Despite the recovery, O’Sullivan called for the industry to pull together over prices: “Margins are still being squeezed and it is very cut-throat. We need to demand a fair price for our work and not just go for turnover.”
For the first time in the last five years, respondents to the GSF are not expecting workload to decrease in the next 12 months and more than half are expecting levels to grow during that period.
Housing is expected to continue to drive the ground engineering market over the next year but other big growth areas over the next 12 months, according to the GSF survey, will be in the power and rail sectors.
O’Sullivan reports that BBGE is seeing a lot of activity in the energy market, especially for wind farms and ports to deliver the offshore infrastructure. “We have also had some success in the rail market and expect further growth,” he says.
“We are seeing strong growth in the energy market, especially internationally,” says Atkins geotechnical engineering network chair David French. “UK infrastructure is also coming back with work coming through for both rail and highways. The growth started first in London and the south east but is now spreading out towards the regions more.”
“The growth seen so far this year has been a surprise. We expected 2013 to be much like 2012 with little change but we have seen the number of projects in hand grow continuously since March this year.”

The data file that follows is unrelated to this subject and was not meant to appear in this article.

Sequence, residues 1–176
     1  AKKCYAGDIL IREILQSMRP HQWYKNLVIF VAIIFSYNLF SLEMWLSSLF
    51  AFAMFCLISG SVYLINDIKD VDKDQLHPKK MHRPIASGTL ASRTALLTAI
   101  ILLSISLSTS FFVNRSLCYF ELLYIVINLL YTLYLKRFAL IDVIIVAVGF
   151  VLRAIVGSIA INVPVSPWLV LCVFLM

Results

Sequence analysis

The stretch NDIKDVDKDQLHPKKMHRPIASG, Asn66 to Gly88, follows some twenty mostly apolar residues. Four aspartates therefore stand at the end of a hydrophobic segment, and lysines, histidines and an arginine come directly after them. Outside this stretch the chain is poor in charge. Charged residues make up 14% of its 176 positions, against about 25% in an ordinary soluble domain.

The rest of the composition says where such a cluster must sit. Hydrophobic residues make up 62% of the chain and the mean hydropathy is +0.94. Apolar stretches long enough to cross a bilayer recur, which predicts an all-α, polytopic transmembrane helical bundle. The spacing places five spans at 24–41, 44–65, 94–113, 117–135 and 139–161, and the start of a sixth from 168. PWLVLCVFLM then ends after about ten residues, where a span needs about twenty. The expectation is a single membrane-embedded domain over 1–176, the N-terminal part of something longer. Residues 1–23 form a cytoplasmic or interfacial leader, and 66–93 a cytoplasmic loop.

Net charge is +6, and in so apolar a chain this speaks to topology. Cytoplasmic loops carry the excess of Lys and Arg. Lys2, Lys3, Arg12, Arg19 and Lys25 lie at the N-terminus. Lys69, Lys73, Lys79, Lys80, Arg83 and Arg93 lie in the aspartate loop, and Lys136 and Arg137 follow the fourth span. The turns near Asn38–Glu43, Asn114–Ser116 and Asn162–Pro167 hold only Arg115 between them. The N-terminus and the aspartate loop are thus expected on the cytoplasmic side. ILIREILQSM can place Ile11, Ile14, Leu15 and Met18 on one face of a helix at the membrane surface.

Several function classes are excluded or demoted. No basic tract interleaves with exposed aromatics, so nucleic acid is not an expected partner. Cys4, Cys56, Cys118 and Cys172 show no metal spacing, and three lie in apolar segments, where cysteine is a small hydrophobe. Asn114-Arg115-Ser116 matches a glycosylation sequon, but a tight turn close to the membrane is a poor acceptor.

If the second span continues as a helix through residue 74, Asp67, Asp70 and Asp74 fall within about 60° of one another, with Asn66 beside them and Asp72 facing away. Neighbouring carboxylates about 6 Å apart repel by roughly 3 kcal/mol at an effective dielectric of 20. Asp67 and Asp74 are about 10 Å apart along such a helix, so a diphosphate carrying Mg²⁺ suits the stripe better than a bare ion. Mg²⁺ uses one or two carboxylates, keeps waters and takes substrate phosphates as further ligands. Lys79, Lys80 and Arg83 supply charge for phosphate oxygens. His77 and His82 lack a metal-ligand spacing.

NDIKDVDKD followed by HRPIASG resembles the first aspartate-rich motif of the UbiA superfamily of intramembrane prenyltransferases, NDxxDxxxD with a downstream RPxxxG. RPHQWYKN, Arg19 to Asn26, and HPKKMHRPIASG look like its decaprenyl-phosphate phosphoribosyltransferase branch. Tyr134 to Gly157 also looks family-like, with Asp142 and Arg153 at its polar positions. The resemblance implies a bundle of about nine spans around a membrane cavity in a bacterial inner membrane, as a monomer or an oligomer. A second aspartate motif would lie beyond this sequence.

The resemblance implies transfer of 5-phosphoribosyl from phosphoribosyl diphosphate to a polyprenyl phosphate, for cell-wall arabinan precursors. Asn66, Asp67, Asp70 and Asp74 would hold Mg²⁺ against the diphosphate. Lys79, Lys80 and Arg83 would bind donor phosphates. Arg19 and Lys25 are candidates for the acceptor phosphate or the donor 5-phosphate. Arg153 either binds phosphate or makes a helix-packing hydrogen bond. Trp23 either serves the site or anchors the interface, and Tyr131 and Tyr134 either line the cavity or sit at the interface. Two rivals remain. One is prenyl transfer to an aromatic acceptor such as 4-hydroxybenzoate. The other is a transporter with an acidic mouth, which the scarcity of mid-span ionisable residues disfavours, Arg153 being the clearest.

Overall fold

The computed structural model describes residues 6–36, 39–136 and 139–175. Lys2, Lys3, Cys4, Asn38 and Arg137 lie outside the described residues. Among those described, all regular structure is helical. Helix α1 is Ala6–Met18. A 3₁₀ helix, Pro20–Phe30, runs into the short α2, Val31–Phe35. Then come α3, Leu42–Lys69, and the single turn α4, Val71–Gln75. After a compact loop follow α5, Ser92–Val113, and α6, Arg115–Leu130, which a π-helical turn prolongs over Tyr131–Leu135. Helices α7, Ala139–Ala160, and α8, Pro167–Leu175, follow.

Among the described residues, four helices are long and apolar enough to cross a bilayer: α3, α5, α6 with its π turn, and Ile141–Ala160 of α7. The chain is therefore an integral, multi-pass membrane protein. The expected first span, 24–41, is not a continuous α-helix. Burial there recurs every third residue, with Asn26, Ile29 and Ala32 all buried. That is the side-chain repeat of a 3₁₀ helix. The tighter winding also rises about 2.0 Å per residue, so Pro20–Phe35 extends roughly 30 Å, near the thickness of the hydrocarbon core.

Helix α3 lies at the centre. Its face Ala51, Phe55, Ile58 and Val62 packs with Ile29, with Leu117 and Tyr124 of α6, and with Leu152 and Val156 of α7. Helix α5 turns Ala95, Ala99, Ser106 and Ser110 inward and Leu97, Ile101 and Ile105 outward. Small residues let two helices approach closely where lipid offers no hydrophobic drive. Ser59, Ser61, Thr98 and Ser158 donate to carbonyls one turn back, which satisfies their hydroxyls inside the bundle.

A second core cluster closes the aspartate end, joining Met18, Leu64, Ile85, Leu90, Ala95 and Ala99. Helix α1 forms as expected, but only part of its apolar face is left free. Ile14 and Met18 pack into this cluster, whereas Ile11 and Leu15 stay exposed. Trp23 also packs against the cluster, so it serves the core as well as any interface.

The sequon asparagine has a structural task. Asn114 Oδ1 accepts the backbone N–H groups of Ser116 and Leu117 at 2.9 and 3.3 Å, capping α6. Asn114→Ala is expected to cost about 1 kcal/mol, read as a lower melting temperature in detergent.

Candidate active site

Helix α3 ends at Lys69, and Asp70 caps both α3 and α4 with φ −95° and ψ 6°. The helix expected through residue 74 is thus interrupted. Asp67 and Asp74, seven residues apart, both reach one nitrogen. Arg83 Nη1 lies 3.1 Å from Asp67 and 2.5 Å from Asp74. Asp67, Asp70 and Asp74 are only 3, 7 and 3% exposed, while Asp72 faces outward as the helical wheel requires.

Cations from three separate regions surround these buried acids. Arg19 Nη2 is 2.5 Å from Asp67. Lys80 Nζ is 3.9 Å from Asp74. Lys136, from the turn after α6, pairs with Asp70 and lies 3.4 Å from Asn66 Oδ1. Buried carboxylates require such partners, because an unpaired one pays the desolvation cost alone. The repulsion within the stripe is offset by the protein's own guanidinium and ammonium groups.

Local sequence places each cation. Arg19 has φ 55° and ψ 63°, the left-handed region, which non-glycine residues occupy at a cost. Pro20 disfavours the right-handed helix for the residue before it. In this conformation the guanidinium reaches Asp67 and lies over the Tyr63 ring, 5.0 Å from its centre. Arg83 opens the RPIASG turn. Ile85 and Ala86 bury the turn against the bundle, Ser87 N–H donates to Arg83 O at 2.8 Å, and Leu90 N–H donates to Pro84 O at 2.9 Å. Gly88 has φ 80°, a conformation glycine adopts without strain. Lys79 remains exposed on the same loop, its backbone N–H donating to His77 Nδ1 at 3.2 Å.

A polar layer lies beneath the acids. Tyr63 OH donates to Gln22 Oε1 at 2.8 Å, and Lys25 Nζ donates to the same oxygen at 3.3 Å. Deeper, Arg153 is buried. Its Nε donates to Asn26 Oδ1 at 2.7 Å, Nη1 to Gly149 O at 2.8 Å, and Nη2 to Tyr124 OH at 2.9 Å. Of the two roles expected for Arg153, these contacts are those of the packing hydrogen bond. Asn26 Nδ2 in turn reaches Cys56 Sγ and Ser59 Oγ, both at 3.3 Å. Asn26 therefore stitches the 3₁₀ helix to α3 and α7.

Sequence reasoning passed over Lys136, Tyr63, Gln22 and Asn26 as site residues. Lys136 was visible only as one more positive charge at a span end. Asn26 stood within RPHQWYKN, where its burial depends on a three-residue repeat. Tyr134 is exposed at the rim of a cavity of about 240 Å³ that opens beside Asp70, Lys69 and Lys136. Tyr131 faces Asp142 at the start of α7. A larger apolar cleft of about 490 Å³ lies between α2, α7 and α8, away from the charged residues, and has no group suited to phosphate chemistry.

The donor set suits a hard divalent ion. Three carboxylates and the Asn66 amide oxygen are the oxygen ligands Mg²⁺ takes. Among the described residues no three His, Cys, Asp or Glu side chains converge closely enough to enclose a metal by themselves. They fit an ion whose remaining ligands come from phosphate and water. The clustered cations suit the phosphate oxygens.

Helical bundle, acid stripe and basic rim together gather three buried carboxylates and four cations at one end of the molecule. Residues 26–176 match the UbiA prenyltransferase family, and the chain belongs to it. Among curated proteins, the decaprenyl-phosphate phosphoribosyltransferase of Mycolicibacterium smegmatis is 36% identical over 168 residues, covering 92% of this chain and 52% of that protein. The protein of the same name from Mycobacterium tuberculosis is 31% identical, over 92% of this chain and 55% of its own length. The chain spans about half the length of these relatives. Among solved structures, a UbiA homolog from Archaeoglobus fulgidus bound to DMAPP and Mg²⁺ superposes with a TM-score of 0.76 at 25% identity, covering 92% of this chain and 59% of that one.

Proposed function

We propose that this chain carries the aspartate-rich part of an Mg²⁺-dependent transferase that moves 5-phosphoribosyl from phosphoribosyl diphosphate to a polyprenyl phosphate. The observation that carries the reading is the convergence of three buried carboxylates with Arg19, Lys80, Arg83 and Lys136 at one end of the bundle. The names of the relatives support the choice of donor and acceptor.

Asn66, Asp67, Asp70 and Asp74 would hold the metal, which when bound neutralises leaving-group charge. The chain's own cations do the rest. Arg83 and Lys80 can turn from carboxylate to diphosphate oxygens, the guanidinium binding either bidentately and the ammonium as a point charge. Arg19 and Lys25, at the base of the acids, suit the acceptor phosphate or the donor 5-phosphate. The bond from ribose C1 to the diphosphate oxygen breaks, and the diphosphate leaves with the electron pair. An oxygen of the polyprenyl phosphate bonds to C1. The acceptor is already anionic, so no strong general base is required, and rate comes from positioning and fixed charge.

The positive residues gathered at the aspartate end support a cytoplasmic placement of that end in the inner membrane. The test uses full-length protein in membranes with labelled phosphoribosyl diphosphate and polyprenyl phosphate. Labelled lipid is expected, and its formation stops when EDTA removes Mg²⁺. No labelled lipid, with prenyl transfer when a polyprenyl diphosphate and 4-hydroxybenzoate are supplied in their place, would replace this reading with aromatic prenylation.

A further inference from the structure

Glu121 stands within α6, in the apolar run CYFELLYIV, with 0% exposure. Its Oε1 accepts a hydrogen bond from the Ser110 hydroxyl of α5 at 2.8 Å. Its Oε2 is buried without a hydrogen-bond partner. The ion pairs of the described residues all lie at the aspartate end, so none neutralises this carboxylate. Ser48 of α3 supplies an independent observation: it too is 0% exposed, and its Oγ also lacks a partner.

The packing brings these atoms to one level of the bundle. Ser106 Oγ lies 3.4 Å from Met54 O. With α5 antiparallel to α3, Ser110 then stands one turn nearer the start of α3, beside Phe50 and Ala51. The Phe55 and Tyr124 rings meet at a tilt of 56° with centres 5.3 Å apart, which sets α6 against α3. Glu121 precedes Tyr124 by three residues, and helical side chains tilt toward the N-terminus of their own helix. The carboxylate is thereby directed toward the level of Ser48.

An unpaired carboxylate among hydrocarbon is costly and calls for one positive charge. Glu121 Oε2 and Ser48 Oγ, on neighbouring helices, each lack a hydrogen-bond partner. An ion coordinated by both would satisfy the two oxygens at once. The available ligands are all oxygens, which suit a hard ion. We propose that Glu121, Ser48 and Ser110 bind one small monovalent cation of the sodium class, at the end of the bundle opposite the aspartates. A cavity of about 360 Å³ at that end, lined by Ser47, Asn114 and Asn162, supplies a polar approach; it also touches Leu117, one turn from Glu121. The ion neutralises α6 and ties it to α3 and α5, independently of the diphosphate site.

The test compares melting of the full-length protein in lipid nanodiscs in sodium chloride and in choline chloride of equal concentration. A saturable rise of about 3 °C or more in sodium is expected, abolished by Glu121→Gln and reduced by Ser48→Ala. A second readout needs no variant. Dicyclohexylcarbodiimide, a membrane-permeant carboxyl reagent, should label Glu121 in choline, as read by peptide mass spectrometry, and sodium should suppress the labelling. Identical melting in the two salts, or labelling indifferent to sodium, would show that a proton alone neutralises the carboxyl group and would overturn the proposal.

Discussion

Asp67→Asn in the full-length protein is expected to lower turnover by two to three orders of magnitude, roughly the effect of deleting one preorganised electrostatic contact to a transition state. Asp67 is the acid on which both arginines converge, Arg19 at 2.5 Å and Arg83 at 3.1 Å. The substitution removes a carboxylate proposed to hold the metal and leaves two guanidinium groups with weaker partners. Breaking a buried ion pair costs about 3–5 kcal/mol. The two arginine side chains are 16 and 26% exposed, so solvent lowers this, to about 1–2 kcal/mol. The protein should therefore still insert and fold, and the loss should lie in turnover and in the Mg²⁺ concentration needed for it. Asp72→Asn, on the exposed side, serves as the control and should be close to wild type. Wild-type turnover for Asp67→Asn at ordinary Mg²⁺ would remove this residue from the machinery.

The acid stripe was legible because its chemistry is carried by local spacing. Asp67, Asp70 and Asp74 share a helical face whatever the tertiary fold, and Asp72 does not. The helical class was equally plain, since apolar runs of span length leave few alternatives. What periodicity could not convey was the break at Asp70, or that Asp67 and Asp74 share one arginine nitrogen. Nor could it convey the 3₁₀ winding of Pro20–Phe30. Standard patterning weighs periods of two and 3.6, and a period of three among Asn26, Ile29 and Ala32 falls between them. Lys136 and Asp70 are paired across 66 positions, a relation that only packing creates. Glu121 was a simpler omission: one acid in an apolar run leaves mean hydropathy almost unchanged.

Julian Gatward, Roger Bullivant
Pedley also believes that there are a number of major projects on the horizon which will further bolster the market. “We are already working on the Victoria Circle scheme with BBGE but work at Battersea, the Northern Line extension and Chelsea Barracks could also help to fill the Crossrail gap,” he said. “Nonetheless, geotechnical projects generally have short lead in periods so there is less visibility about what lies ahead but there are real signs that the market is recovering.”
URS director of geoservices and mining John Holden adds: “Major new UK projects such as the Mersey Gateway Bridge Crossing and Bank Station Capacity Upgrade, both of which we’re involved in, will have a positive impact on our industry.”
The other potential boost for the geotechnical market is HS2. While the benefits of HS2 are still being debated, it is likely that the preliminary work, such as site investigation for the scheme, will push ahead to ensure the engineering feasibility of the scheme is not in question. This could also provide a significant lift to the UK ground investigation market, but the fragmented nature of the sector and the impact of the last five years of economic downturn, mean that the sector may not have the capacity to meet the demand.
LBH Wembley director Seamus Lefroy Brooks has suggested that site investigation costs would be in the region of 0.15% of the overall project costs, so given that the value has been recently been revised up to £32bn, the site investigation work could be worth around £140M. “I think it could easily exceed the present capacity of the top ten contractors, but there must be a good deal of kit that has been moth-balled over the last few years,” he said.
Nonetheless, Geotechnical Engineering director Neil Parry adds that finding skilled site workers and reporting staff would still be a challenge.
While there are still a lot of variables in the market, the general trend is an improving one. “I’ve worked through several recessions before and I think we are now definitely seeing the construction cycle coming round to growth again,” concludes French.
Holden also expects the market to continue improving: “We’ve seen an increase in due diligence reviews for mergers and acquisitions, which bodes well for our industry in the year ahead.”